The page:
European Observatory on Health Systems and Policies


Health Systems in Transition (HiT) profile of Slovenia

3.4 Out of pocket payments

OOP payments in Slovenia take the form of both cost-sharing and direct payments (see also section 3.2).

3.4.1 Cost-sharing (user charges)

Co-payments were introduced by the Health Care and Health Insurance Act 1992 as part of the compulsory health insurance system. They apply to most types of health care service and, since 2007, to all patients with the exception of children and students until the age of 26 plus some vulnerable groups, such as unemployed individuals, those with income below a certain threshold and chronically ill people (breadth of coverage is also discussed in section 3.3.1). Co-payment levels are set out in Article 23 of the Act, and are defined by the HIIS on a regular basis; they range between 10% and 90% depending on type of treatment or activity (see depth of coverage in section 3.3.1). As mentioned above, the vast majority of compulsorily insured individuals purchase complementary VHI policies to cover co-payments. In the (rare) event that the patient does not have such a policy, the difference up to the full price of health services has to be paid to the provider directly. Otherwise the provider charges the respective VHI company.

3.4.2 Direct payments

Direct OOP payments at the point of use are required for goods and services that are not covered by any form of insurance. These occur for visits to primary care physicians and private providers who do not have a contract with the HIIS, along with specialist services without GP referral and private dental services. Patients may also choose to pay directly for covered services to avoid waiting times, or to pay for services not included in the benefits package of the compulsory insurance scheme, such as special hospital (“hotel”) services or better food. Certain services, such as cosmetic plastic surgery or eye laser correction surgery, are not included in any health insurance packages and have to be paid fully out of pocket. There is no exact information available as to the share of total expenditure contributed via direct payments made by patients (Cylus, 2015).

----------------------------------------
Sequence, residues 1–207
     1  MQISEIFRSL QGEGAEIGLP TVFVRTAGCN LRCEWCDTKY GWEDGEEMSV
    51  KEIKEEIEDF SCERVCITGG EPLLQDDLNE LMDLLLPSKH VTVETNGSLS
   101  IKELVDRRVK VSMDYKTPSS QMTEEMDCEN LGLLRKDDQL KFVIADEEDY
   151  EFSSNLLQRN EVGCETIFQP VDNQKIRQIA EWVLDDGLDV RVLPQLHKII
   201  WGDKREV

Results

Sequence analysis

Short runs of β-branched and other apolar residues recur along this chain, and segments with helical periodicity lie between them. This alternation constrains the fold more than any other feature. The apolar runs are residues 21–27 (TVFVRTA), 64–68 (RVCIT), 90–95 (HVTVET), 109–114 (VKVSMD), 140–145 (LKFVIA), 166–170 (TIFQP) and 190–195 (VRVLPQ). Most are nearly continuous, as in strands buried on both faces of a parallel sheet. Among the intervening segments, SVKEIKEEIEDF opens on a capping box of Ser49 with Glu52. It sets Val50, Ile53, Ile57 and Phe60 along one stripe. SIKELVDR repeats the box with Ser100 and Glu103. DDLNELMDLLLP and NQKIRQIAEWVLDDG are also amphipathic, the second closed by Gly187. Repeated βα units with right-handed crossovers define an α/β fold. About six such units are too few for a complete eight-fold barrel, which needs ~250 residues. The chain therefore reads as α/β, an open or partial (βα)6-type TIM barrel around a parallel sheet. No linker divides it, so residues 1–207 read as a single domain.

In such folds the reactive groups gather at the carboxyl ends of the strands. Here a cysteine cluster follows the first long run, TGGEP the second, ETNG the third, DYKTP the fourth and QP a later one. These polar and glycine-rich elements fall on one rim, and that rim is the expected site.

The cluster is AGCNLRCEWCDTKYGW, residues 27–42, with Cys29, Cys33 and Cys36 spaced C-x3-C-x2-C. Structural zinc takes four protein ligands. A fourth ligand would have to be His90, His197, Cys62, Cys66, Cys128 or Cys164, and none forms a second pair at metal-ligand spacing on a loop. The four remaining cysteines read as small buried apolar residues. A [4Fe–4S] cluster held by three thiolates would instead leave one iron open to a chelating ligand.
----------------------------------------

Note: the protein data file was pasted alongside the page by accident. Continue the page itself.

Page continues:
3.4.3 Informal payments

Informal payments are not common in the Slovene health system. They occur in kind or in cash to health care providers, predominantly in primary care and for outpatient services. As the phenomenon is not widespread, they are not observed as a separate category but are included in OOP payments, and estimated by questionnaires.